From: Ethan Cade Brimhall <email@example.com>
Sent: Monday, March 26, 2018 11:41 AM
This week was pretty jam-packed with action. Why is “jam-packed” a phrase? Most jars of jam aren’t even fully filled. Well, it’s definitely not Lays-chips-packed. Those are like 70% air. Maybe what I’m saying isn’t actually important anyway so that would be an accurate statement if so. To me it’s at least as packed as the little mayonnaise packets they sell here. Those are almost bursting at the seams. This is little-mayonnaise-packets-packed with nice stuff for you guys.
Here are some of my thoughts from Zone Conference we had this week:
A lot of missionaries freak out about where they will be transferred, but not much revelation goes into that part of your assignment. Most of it is who your companion will be. It doesn’t matter where you are, but who you serve. God doesn’t care much for the place, but the person. Lift where you stand.
Contentment, discouragement, laziness, and lack of focus bring death to a missionary.
If you feel you cannot do it, you have lost the Spirit. It becomes easy when you are filled with it.
A living missionary is a listener and a leader.
By your small moments of repentance comes eternal life.
Music Literacy Classes
This is really testing my abilities as a teacher. Teaching individuals is easy. Teaching groups is tough. Although I have zero credentials to teach a class like this, I can impart what little knowledge I have of music to the members of Njaie Town. I’ve made it a three-phase class: Rhythm, Pitch, and Tempo. It is surprisingly difficult to get through the first phase. We’re clapping through hymns as we learn what kind of beat each type of note gets. It’s a fun but tiring class to teach.
We cleaned and painted a police hospital on Friday for a dual-zone service activity. It was quite an ordeal. It was a pretty run-down place in need of the work. The office elders were sick, so I drove their truck to help the zone leaders get a few things for the activity since I knew how to drive and where to get things. It took about 7 hours to complete the project. After that, we were so exhausted that we just went back to the apartment to sleep. But the hospital looks beautiful! It was a great opportunity to help people and get some exposure.
We had a great baptism on Saturday for Solomon and Alex Kargbo and Francis Charles. It was a combined district baptism, so another companionship was there with a candidate. Our young men’s president, Sylvester, baptized the four candidates. It was his first time, so it was a little clunky, but it was a baptism nonetheless. We all have to learn sometime! Us four missionaries sang an impromptu musical number I Need Thee Every Hour that brought a great spirit to end the meeting. I gave each of them a tie for their baptism since they didn’t have one to wear to church. Their confirmations were sweet as each of them were dressed in priesthood whites. I was given the opportunity to confirm one of them and ordain two of them to the priesthood. It was a special experience to act as voice and receive revelation during their respective blessings.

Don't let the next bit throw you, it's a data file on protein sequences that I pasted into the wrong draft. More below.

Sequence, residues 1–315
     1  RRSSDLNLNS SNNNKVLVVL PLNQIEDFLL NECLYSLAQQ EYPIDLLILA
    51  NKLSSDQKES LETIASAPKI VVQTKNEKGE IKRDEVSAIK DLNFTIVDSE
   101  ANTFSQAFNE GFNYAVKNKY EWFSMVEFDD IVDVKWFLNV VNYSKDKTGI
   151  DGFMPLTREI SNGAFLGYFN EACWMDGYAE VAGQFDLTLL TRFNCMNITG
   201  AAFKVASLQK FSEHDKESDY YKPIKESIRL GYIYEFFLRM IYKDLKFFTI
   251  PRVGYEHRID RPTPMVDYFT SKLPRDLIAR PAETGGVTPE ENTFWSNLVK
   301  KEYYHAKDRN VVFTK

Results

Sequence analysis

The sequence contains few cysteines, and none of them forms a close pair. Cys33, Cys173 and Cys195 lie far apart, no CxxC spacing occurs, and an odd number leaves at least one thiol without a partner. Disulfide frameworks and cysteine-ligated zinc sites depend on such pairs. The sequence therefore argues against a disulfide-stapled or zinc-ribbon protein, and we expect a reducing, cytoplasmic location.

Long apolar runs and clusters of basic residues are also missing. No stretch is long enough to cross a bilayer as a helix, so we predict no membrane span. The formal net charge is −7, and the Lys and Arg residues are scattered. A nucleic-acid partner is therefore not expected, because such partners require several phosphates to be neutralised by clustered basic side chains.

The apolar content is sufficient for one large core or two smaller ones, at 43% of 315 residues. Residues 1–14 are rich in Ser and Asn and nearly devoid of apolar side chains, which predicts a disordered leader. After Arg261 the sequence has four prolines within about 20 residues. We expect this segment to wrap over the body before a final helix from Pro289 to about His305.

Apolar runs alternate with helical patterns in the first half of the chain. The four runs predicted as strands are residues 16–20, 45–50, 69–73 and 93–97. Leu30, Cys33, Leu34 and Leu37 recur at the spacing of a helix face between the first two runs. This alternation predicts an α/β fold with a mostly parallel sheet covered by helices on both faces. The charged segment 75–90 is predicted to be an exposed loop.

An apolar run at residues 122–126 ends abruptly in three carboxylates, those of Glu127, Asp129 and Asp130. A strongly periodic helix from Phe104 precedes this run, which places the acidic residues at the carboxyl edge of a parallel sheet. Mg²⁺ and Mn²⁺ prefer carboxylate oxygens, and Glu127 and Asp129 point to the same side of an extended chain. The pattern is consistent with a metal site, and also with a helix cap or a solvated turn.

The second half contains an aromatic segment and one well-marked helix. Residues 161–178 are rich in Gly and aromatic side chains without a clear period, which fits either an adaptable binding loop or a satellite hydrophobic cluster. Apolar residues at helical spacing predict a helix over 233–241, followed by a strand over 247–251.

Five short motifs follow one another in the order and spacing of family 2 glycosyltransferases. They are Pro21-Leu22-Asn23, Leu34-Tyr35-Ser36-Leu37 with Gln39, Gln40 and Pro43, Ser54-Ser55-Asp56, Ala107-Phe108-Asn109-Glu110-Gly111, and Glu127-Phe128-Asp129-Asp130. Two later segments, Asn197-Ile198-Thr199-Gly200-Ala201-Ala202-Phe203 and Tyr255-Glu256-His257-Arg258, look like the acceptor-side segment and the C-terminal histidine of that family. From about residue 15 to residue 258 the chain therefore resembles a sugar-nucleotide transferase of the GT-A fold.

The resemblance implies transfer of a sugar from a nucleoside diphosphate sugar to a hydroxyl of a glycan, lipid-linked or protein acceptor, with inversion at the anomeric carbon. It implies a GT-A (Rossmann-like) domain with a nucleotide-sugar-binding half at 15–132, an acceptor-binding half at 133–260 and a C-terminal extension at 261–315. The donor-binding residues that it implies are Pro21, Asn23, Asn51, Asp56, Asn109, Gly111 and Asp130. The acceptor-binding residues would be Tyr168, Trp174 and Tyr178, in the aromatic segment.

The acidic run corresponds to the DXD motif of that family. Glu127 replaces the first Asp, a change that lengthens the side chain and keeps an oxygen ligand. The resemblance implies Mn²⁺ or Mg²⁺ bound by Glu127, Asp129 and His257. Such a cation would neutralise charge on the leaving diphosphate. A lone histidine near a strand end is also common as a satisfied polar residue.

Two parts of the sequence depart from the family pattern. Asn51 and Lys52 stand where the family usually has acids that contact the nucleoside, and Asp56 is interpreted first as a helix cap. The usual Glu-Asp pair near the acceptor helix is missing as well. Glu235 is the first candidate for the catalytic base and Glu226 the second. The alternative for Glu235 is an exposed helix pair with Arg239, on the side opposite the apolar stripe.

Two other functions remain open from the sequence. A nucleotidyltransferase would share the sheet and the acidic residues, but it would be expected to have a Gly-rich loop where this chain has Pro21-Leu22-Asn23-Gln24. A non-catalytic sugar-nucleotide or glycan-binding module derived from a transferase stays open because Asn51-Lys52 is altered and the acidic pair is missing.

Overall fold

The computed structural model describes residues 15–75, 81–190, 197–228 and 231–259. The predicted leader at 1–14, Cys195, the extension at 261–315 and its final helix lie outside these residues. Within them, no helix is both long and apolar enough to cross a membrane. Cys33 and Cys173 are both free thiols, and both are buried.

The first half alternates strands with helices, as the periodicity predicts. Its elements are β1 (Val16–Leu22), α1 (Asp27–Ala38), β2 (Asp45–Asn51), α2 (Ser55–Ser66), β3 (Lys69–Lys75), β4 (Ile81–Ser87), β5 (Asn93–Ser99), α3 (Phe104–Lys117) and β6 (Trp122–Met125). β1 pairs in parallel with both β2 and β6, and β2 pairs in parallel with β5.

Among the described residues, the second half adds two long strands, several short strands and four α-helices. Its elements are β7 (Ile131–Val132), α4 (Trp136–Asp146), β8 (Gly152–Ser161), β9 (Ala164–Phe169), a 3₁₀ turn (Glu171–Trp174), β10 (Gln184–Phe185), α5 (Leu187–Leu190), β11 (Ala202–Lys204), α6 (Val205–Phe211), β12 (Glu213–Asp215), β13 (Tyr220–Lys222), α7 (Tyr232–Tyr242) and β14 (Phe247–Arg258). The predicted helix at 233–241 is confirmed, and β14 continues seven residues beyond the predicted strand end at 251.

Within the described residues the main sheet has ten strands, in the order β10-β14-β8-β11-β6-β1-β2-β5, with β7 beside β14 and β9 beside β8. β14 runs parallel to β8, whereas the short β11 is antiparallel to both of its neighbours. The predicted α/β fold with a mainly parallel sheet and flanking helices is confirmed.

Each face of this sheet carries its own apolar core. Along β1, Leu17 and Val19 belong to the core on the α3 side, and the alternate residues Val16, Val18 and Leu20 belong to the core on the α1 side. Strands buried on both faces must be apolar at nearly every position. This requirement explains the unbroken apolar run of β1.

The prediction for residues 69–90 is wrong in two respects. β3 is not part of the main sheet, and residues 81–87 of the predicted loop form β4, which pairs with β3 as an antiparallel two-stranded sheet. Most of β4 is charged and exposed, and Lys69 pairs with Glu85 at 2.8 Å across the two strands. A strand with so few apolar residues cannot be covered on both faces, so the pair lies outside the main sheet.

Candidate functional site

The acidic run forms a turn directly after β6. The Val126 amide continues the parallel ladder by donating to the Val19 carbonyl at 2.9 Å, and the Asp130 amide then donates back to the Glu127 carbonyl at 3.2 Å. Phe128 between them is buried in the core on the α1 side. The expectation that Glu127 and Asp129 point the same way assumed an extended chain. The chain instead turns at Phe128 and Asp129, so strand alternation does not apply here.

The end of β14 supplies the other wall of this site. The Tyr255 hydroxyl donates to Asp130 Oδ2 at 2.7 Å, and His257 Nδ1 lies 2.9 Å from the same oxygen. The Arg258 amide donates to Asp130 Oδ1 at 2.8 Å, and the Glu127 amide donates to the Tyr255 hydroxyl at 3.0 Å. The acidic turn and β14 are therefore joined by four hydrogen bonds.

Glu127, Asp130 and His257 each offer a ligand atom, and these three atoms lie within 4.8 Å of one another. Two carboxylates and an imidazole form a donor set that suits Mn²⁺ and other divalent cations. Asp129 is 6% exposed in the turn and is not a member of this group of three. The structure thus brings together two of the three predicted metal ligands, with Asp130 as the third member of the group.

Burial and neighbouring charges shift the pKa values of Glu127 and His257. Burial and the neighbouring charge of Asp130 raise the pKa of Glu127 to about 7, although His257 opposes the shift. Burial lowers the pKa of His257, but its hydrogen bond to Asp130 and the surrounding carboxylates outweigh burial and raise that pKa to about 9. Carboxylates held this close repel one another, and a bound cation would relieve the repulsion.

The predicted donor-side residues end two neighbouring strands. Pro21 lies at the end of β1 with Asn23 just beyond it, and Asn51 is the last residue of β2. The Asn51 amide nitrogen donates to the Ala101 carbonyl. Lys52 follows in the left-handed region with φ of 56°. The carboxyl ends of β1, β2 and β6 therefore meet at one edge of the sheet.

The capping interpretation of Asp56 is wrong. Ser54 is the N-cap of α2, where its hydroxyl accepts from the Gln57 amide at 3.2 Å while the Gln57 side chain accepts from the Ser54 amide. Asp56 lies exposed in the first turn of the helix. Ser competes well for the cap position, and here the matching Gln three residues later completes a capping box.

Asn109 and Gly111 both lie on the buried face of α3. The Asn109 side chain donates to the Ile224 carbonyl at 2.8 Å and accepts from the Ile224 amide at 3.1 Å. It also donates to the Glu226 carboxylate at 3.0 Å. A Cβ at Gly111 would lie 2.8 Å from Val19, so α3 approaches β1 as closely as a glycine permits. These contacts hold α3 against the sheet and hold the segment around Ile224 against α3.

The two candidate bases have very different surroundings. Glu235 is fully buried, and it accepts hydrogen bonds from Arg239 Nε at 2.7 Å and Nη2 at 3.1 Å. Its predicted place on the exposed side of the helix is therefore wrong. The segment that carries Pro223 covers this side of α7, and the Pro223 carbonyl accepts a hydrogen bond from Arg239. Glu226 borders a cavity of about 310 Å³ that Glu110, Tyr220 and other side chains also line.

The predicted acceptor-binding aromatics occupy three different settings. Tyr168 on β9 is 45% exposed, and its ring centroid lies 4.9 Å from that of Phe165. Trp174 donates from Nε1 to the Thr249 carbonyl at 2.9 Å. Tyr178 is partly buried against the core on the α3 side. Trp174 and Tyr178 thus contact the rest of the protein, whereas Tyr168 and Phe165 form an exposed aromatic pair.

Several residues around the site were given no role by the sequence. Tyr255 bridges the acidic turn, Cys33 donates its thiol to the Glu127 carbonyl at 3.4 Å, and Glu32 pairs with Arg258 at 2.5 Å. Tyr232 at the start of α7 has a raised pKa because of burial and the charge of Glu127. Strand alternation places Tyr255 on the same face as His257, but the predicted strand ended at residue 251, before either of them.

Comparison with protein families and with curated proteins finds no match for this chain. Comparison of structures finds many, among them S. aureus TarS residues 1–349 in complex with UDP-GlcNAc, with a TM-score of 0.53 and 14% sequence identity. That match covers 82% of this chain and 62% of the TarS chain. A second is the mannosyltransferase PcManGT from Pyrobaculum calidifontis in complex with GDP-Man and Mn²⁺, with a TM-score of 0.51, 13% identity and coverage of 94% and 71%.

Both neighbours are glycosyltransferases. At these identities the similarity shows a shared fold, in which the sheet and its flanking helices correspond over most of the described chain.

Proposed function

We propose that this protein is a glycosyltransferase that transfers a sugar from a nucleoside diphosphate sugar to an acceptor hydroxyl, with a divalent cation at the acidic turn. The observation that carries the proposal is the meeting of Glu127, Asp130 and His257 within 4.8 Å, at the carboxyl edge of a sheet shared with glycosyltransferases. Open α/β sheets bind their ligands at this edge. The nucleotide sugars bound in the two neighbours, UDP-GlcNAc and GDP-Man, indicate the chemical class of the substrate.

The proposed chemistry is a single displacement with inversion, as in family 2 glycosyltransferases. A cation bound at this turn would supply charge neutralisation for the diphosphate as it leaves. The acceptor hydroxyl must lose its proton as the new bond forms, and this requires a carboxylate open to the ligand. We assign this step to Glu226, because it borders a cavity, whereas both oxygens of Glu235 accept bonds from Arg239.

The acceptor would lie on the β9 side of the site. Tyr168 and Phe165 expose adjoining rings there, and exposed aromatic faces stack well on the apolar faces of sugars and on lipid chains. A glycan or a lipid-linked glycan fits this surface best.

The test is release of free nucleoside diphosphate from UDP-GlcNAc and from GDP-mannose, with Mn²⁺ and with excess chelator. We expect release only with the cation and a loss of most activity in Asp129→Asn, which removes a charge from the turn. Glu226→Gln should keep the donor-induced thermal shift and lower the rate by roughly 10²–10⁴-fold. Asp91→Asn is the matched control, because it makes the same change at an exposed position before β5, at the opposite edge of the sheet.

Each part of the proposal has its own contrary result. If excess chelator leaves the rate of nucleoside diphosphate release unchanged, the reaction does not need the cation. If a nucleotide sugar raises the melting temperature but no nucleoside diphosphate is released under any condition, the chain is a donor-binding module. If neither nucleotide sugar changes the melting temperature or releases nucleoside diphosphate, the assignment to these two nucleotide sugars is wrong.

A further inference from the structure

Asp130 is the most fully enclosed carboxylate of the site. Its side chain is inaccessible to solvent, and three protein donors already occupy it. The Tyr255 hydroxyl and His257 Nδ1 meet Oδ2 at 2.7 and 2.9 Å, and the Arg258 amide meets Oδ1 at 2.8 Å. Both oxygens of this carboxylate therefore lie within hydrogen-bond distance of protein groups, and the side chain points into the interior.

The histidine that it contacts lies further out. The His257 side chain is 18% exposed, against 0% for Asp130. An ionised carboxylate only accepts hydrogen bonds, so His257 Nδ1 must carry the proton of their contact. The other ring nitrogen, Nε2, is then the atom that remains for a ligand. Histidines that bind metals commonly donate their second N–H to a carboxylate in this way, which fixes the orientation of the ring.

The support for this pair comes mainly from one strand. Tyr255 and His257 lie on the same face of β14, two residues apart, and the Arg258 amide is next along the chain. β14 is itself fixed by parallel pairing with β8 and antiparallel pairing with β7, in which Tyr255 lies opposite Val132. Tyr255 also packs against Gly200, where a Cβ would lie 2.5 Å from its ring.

Three more were interviewed on Sunday for baptism this week. They all passed. It was quite a stretch of my conversational skills to keep them entertained while they were hungry and waiting for their interview.
I’ve been getting pretty sad at random times of the day as I realize that my time here is quickly coming to an end. Words of advice I would give to all prospective or current missionaries: Never waste a precious day of your mission. If you do it right, you will be crying at the end of it for time to slow down. You will love the people you serve so much that it physically hurts to leave them. I hope you all respect the time God gives you to serve Him and His children, your brothers and sisters, and I hope you realize the value of your time on the mission before you wax old and are ready to leave. These things are true for all missionaries anywhere you serve. Nonetheless, I am incredibly excited to go back to my life at home with all the experience, friends, and most importantly spiritual strength I have gained in the service of God.